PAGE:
Irina Brook

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Irina Brook (born April 5, 1962) is a Franco-British stage director and producer. She was named Chevalier des Arts et des Lettres in 2002 by the French Ministry of Culture. In May 2017 Brook was upgraded to Officier de l'ordre des Arts et Lettres and awarded the Légion d'honneur. Born in Paris, the daughter of film and theater director Peter Brook and actress Natasha Parry, Brook grew up between England and France and began her working life as an actress. Her family is of Jewish descent.[1][2]


Educated at Bedales School, at eighteen, Brook went to New York City to study drama with Stella Adler, and played in several off-Broadway shows, including the lead in Irish Coffee.[3] A couple of years later, she returned to Paris to act in her father's production of The Cherry Orchard followed by Molière's Dom Juan at the Bouffes du Nord. She then moved to London, where she appeared in films, TV (including an episode of Bergerac 'My Friend Charlie' in 1990) and theater productions. Her film roles include The Girl in the Picture (1985), Underworld (1985), Captive (1986), Maschenka (1987) and The Fool (1990). She also appeared as Michelle Réage in a 1989 episode[4] of the British TV series Inspector Morse.

Director / producer[edit]

In 1996, Brook directed and produced her first show, Beast on the Moon by Richard Kalinoski, at the Battersea Arts Centre, London. She also directed Madame Klein by Nicholas Wright (Watford) and Shakespeare's All's Well That Ends Well (Oxford).[5] In 1998, she directed the French version of Beast on the Moon at the Théâtre de Vidy-Lausanne and Bobigny, Paris. After several national and international tours, the show returned for a six-month sell-out at the Theâtre de l'Oeuvre, Paris, where it won five Molière theatre awards, including best director and best show. Brook also directed a television version of the play, for which she was awarded the prix Mitrani at the International Festival of Audiovisual Programs (FIPA), a film festival in Biarritz.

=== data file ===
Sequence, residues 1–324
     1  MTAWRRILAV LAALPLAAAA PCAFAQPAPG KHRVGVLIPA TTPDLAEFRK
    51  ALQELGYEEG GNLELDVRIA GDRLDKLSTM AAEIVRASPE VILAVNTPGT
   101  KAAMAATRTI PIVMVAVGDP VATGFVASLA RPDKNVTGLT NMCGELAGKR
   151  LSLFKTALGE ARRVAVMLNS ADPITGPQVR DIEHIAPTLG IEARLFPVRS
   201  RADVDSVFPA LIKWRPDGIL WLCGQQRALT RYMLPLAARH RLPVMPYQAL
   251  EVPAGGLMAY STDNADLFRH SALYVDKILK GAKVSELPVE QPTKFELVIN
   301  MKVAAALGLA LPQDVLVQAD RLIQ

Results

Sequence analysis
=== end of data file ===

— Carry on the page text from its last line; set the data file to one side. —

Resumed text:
She was invited by Ariane Mnouchkine to direct her Théâtre du Soleil company, with whom she put on a French version of All's Well That Ends Well for the Avignon Theatre Festival. Meanwhile she premiered a new American play, Resonance (Morphic Resonance), by Katherine Burger, at the Theâtre de l'Atelier, for which she also received a Molière award and the Société des Auteurs et Compositeurs Dramatiques award for new talent. She created a version of Homer's Odyssey for young audiences at the Sartrouville Theater Festival, followed by Romeo and Juliet (retitled Juliette et Romeo) for Lausanne and the Théâtre national de Chaillot, Paris. For the same co-producers, she directed Dancing at Lughnasa by Brian Friel, which was then invited to perform in Tokyo.

She returned to the Atelier Theatre with Tennessee Williams' The Glass Menagerie, which was invited to play in Moscow. She has also directed Bertolt Brecht's The Good Person of Szechwan, Marivaux's L'ile des esclaves, and adapted Thornton Wilder's novella, The Bridge of San Luis Rey, for Vidy-Lausanne and the Theâtre de Sceaux, Paris.

In February 2006, she was invited to recreate her production of The Glass Menagerie with Japanese actors at the New National Theatre Tokyo.

Brook produced a version of A Midsummer Night's Dream for six men, which was first produced by the Festival Dedans-Dehors, Brétigny-sur-Orge, and performed outdoors in France and Switzerland.[6] She then redirected it to play indoors, in theaters, and after a sold-out month at the Bouffes du Nord, Paris, the show was so successful that it continued touring since then throughout France and in festivals around Europe, and was invited to the Rideau du Spectacle in Quebec City and toured Canada for a month in 2010.